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COVID-19: SBA Clarifies Affiliation Rules for Paycheck Protection Program

On Thursday, April 2, 2020, the U.S. Small Business Administration (SBA) issued its Interim Final Rule to the Paycheck Protection Program (PPP). The final rules provide, in part, that entities eligible to apply for PPP loans will be subject to the SBA’s existing rules on entity affiliation. This left many entities with affiliate relationships (most notably private equity firms and venture capital firms) concerned and unclear on whether they would be excluded from qualifying for PPP loans. On Friday, April 3, 2020, the SBA issued a supplemental Interim Final Rule and a supporting guidance document to provide clarity on how the affiliation rules will apply to businesses generally, and how the affiliation rules will apply to faith-based organizations.

The new guidance maintains that, in most cases, borrowers will be considered together with their affiliates for purposes of determining eligibility for PPP loans. This will include small businesses not defined in the Small Business Act that have 500 or fewer employees whose principal place of residence is in the United States, nonprofit organizations, and veterans organizations. However, there are a number of exemptions and waivers (see below).


According to 13 CFR 121.301(f), an affiliation occurs when one entity controls or has the power to control another entity, or when a third party controls both entities. It is important to note that control does not have to be exercised; merely the power to control will suffice for purposes of determining affiliation.

The new guidance makes clear that control, and therefore affiliation, will exist under any of the following four circumstances:

  • Ownership: When an entity owns or has the power to control more than 50% of the other entity’s voting equity. A minority shareholder may also be in control if it has the power to prevent a quorum or block action by the board of directors or shareholders.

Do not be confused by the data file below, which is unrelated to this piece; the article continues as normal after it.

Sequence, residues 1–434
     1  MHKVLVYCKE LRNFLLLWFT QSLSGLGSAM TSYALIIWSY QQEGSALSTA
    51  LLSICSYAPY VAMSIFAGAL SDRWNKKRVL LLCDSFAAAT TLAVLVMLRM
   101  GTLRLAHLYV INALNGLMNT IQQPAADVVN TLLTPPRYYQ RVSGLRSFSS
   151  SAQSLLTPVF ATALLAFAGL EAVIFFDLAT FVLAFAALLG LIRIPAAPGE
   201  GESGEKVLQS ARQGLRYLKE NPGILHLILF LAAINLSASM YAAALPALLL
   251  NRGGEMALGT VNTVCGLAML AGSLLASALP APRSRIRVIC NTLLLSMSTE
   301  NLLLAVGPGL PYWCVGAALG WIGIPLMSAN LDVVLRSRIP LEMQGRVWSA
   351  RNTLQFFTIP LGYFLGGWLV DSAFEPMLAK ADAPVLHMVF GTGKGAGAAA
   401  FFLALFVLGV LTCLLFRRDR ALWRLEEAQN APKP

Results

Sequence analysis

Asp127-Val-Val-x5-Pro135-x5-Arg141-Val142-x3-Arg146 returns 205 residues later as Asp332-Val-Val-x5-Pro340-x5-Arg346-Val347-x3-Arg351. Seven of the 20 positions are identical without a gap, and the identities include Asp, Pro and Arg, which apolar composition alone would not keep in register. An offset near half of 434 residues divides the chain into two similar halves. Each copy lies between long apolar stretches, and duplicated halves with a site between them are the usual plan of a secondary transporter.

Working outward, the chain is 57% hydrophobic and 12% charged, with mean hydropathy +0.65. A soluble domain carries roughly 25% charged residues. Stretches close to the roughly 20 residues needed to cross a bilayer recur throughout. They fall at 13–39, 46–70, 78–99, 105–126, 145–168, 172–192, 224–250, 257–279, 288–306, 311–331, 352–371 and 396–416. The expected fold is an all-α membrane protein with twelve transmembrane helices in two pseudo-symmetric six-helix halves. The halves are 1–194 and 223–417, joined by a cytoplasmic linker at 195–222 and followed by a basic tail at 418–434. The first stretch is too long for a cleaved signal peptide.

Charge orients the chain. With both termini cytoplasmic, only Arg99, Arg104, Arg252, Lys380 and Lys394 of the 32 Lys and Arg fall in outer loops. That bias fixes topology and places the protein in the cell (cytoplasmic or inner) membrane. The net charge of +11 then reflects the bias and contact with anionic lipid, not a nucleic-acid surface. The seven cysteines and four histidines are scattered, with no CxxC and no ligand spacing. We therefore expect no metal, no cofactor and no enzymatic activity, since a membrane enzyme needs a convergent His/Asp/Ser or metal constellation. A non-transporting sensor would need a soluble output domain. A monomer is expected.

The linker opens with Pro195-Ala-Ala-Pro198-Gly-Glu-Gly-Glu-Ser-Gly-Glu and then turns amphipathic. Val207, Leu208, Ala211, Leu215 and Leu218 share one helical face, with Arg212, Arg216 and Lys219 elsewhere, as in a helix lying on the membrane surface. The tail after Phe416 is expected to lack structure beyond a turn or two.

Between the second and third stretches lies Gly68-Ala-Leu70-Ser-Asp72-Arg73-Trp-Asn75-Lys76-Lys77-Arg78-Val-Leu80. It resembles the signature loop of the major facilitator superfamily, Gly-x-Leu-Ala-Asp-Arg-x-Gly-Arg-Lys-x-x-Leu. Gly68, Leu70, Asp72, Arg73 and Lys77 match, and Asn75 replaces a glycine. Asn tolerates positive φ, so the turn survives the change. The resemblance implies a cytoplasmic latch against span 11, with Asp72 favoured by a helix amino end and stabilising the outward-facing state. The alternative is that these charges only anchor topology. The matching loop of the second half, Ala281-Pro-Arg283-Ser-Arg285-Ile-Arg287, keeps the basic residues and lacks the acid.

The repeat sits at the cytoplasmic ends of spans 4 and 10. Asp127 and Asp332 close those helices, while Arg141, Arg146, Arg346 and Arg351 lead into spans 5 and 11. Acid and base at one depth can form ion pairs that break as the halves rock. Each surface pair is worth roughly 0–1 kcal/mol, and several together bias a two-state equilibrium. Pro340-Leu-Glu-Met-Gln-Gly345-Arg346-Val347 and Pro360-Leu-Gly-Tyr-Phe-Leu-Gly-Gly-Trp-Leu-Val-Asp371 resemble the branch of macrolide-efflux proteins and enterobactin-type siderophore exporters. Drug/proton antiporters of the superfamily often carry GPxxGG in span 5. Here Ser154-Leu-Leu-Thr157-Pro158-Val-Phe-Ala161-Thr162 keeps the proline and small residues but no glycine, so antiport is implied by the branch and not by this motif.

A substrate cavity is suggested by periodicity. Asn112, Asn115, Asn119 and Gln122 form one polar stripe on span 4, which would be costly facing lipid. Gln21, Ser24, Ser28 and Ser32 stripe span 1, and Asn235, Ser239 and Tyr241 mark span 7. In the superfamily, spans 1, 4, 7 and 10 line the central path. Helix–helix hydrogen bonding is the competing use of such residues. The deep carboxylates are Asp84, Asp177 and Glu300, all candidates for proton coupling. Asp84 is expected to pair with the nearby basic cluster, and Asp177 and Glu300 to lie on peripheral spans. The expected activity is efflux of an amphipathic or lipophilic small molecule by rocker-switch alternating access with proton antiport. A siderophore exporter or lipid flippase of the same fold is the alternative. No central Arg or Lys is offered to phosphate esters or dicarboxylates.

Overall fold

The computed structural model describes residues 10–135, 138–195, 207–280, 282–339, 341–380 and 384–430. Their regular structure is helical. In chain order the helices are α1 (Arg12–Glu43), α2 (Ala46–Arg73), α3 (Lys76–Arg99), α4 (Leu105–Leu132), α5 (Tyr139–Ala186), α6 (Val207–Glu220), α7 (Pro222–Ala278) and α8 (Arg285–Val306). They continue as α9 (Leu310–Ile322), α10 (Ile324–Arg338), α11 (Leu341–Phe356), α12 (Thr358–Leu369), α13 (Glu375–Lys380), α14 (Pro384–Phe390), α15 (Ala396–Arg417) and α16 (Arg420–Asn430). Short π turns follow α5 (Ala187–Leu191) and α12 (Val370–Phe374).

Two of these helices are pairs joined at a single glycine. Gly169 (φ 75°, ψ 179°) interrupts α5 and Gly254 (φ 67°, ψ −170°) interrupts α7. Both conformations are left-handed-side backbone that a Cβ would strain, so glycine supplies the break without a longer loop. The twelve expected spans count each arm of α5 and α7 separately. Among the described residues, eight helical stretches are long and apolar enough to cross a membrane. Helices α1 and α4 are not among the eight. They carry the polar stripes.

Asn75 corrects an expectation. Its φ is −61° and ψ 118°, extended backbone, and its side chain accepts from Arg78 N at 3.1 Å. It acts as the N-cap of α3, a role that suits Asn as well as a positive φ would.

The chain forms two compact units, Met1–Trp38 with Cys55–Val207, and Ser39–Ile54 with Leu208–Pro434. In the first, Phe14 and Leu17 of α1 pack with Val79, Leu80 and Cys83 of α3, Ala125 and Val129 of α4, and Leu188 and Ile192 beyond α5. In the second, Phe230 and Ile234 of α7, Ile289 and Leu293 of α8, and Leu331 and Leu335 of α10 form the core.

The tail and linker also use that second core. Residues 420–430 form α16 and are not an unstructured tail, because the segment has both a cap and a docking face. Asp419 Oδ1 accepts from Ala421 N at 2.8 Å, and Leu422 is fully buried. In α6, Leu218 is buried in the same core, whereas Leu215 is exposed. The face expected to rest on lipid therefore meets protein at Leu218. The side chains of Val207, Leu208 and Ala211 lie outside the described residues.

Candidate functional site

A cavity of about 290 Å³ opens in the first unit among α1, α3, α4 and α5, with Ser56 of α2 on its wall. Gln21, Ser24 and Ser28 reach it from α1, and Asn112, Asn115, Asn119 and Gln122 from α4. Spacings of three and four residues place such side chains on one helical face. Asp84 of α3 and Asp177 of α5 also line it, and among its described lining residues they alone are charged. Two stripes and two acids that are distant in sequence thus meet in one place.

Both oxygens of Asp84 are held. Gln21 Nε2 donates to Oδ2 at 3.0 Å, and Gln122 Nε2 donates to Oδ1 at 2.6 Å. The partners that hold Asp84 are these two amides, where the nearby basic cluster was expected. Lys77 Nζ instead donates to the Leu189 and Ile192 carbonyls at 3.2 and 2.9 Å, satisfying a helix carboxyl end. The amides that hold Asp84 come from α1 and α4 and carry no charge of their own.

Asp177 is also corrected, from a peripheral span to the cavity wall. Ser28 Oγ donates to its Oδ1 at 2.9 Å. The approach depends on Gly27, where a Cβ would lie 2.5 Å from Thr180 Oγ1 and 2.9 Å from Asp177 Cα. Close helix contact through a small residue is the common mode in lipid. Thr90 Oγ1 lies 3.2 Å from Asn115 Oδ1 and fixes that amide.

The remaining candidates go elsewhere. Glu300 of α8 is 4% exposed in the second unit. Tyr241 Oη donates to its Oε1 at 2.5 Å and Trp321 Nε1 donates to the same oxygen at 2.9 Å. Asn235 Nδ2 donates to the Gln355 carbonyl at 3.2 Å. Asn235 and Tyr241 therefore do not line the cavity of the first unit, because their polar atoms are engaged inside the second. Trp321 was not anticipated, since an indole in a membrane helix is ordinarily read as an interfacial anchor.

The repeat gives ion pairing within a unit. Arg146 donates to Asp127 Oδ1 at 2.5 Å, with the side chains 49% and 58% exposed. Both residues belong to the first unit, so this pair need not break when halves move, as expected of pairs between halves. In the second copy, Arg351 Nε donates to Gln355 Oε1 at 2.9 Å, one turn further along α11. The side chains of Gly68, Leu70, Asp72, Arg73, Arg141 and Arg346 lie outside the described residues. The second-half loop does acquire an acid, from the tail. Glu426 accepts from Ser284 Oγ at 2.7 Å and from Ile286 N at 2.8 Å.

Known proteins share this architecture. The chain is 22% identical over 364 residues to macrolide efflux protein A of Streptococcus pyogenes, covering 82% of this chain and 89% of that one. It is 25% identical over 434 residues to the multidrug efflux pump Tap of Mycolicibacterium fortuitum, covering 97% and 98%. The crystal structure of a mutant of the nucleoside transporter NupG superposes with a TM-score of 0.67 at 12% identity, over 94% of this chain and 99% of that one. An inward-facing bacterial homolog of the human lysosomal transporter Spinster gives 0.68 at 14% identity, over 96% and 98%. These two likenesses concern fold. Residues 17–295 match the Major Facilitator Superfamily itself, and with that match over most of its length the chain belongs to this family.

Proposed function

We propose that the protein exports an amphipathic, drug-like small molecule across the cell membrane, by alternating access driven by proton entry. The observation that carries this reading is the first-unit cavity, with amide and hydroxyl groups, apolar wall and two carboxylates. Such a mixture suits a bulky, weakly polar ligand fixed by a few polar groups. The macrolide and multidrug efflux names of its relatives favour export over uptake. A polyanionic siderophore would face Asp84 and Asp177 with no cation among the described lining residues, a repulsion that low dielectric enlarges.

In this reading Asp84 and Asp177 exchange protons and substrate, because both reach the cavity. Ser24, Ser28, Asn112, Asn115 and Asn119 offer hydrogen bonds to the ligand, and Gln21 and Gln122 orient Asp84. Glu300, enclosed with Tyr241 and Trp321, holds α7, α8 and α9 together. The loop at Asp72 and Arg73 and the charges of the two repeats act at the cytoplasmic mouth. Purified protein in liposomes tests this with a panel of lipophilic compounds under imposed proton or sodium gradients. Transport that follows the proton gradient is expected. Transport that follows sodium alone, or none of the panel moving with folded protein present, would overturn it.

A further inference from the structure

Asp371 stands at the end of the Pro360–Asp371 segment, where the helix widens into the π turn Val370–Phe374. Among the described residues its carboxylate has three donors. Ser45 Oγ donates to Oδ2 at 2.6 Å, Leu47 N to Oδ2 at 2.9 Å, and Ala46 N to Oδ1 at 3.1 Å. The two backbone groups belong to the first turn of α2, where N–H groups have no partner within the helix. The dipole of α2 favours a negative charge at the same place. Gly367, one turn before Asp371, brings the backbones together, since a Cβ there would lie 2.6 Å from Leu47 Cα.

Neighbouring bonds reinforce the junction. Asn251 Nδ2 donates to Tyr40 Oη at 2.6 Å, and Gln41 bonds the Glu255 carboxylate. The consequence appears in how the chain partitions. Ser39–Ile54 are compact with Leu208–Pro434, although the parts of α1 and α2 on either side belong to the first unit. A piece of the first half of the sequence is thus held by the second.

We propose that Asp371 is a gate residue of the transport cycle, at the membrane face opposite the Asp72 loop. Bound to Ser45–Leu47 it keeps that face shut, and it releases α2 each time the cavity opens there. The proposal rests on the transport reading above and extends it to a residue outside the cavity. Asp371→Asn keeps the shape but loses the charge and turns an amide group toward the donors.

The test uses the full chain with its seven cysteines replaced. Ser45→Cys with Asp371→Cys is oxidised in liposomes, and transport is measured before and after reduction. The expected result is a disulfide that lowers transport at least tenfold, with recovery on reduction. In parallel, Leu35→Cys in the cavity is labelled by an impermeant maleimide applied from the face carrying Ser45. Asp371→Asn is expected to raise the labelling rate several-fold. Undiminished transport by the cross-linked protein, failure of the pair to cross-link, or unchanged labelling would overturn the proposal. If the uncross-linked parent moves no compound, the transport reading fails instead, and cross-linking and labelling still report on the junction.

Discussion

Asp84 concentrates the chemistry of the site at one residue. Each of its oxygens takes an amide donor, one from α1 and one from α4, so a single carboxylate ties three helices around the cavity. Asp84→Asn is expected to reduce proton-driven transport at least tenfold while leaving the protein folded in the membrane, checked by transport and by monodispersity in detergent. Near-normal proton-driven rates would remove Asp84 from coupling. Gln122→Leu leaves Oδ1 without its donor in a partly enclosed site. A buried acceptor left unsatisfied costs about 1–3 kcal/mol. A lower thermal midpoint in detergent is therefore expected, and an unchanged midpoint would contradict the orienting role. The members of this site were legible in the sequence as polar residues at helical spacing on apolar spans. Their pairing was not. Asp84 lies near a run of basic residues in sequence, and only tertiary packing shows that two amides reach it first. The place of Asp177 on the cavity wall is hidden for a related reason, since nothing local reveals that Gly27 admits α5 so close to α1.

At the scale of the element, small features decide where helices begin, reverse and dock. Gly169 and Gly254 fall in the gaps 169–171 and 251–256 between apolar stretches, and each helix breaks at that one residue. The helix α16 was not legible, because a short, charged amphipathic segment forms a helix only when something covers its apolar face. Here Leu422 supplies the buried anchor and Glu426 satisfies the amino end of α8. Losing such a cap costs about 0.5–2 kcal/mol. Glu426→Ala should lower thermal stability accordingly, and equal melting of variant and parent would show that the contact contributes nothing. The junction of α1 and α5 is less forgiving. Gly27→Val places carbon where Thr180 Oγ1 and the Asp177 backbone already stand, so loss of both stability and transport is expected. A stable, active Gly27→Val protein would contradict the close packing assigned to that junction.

• Stock options, convertible securities, and agreements to merge: When stock options, convertible securities, and agreements to merge (including agreements in principle) affect one entity’s control over another entity.

  • Management: When a CEO or president of one entity also controls the management of another entity; when a single individual that controls the board of directors or management of one entity also controls the board of directors or management of another entity; or when an entity controls the management of another entity through a management agreement.

  • Identity of interest: When close relatives have identical or almost identical business or economic interests.


The new guidance confirms that the affiliation rules are waived for the following entities:

  • Businesses with fewer than 500 employees that have a North American Industry Classification System (NAICS) code 72 designation (hospitality and food service businesses)

  • Franchises assigned a franchise identifier code by the SBA

  • Businesses that receive financial assistance from a company licensed under section 301 of the Small Business Investment Act

In addition, faith-based organizations are exempted from the affiliation rules, if the relationship is based on a religious teaching or belief, or otherwise constitutes a part of the exercise of religion.

©2023 Pierce Atwood LLP. All rights reserved.National Law Review, Volume X, Number 97

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Christopher E. Howard Corporate Finance Attorney Pierce Atwood Law Firm Portland Maine

Chris Howard has a unique combination of technical legal skills and hands-on business and finance experience, enabling him to integrate these disciplines into strategies that match client objectives and provide clients with a competitive advantage. His forte is in managing complex commercial transactions and development projects in time-sensitive environments, and in accessing all sectors of the capital markets.

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